Report on the gluteal muscle activity during weight bearing and non-weight bearing exercise
Many of the studies suggest that decreased strength of the gluteus medius and gluteus maximus muscle contributes to various orthopaedic pathologies of the knee such as patellofemoral pain syndrome, knee arthritis, iliotibial band friction syndrome, anterior cruciate ligament sprains, and chronic ankle instability. Depends on age the gluteal muscles like gluteus minimus and gluteus medius can also susceptible to the atrophy.
Physical therapists have a wide range of exercises improving gluteal muscles strength with a different type of difficulty level. They have limited objective data regarding which exercises are most effective. Determining exercises that the most effectively recruit gluteal muscles will allow us to elicit the greatest benefits from rehabilitation and injury prevention programs.
1.0 Terms of Reference
Stephen Colbert (Business, Social Science and Sport) has requested Tomasz Czapski to write a report to examine the gluteal muscle activity during weight bearing and non-weight bearing exercises. It is requirement of Communication: Level 6 unit and is due to be submitted on 29/04/19.
Research for this report was conducted primarily via the internet, by visiting reputable journals or websites.
3.1. Decreased muscle strength
Decreased strength of the muscle occurs when the person cannot generate enough effort to produce normal muscle movement. It also may be called weak muscle or muscle fatigue.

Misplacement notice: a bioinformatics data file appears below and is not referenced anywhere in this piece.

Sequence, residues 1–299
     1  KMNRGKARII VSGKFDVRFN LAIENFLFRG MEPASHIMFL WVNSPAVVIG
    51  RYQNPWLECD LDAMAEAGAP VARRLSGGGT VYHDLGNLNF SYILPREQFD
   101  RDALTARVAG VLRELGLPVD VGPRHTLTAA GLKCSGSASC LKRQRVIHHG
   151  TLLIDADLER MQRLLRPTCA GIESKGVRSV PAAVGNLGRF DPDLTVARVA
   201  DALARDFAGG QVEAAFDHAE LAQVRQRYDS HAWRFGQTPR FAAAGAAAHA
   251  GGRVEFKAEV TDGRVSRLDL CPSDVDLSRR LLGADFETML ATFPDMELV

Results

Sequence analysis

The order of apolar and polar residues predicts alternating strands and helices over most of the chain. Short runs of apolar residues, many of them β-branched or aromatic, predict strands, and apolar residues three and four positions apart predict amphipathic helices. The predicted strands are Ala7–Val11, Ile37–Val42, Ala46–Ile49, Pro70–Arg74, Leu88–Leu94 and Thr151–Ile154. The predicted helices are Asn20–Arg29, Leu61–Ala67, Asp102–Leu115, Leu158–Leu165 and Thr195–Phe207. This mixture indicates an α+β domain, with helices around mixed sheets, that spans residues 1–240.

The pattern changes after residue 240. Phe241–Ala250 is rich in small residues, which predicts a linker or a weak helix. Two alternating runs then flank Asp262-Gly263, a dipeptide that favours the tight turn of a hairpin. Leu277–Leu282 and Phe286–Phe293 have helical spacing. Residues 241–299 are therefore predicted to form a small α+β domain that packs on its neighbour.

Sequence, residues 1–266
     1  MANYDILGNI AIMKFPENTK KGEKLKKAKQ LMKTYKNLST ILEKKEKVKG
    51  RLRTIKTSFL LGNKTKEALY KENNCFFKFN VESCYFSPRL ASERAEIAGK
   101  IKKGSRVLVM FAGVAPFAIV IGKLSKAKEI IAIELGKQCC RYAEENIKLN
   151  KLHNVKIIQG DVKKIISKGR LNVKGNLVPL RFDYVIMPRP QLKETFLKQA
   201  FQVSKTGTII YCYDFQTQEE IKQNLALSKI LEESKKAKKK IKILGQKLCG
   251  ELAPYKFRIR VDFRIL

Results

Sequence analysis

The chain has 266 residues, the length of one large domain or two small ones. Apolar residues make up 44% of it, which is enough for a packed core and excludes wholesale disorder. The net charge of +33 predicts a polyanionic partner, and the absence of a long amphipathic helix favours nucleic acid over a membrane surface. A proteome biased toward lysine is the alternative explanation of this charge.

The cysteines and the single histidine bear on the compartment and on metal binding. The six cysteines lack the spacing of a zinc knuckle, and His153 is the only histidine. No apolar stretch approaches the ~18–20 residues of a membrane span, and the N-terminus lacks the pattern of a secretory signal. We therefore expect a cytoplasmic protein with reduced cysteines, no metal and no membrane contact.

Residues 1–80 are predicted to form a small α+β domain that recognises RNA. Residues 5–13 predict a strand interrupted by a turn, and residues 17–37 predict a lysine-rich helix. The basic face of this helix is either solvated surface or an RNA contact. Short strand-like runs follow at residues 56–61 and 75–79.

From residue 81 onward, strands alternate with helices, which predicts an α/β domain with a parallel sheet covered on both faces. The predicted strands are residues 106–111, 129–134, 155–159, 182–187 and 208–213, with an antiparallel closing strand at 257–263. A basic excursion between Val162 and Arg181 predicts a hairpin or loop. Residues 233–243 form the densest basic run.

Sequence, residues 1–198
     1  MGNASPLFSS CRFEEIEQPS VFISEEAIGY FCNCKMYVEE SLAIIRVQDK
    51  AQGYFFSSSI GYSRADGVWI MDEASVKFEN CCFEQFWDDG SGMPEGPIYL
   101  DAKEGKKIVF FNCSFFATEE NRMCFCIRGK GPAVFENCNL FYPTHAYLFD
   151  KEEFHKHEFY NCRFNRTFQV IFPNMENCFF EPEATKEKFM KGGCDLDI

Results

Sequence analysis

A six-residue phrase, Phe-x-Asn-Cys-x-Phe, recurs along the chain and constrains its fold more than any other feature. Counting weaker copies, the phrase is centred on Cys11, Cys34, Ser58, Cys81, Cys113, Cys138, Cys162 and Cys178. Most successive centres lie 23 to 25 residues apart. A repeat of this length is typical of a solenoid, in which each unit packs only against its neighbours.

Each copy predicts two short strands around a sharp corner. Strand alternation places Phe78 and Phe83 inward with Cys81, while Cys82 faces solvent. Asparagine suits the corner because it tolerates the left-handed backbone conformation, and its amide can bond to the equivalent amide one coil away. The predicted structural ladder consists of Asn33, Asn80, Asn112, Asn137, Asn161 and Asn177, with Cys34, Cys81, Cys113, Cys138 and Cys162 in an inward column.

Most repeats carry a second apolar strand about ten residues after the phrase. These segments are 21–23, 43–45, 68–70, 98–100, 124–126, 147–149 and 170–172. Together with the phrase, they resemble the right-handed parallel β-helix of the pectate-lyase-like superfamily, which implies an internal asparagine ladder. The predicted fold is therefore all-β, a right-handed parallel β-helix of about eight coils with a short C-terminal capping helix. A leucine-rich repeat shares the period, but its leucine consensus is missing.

A short-term weakness of the muscle can be caused by illness, lack of rest and can happen to everyone. Extremely exhausting difficult training along with improperly adjusted rest time may contribute to incorrect muscle work.
But if for reasons without normal explanation muscle fatigue will persist, it may be a sign of muscle health problems (myasthenia gravis). According to age or not enough physical activity, the muscle becomes weak. This can lead to chronic diseases that may require longer treatment. Voluntary muscle contractions are usually generated when the brain sends a signal through the spinal cord and nerves to a muscle. If the brain, nervous system, muscles, or the connections between them are injured or affected by the disease, muscles may not contract normally. This can produce muscle weakness.
The best way to improve muscle strength is to develop neural pathways. Performing specific exercise directed to the specific muscle or group of muscle can improve their strength and also body posture which may have a negative impact on the nervous system.
3.2. Functional exercise
A large number of therapeutic exercises with different levels of difficulty is applied to prevention or treatment of injuries. Many rehabilitation programs show that effectively improve strengthening muscle. However, a lack of data showing which exercises most effectively activating gluteus medius and maximus muscles. For this purpose were conducted an investigation with normalized procedures using it electromyograph to measure muscle activity by recording electrical activity.
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Twenty-one young and healthy females and males age between nineteen and twenty-five with no previous injury within the last two years and physically active took part in this study. Twelve therapeutic exercises were chosen consisting of three non-weightbearing and nine weight-bearing exercises suggested by clinicians that use them to strengthening gluteal muscles. No external load was applied in any of the exercises.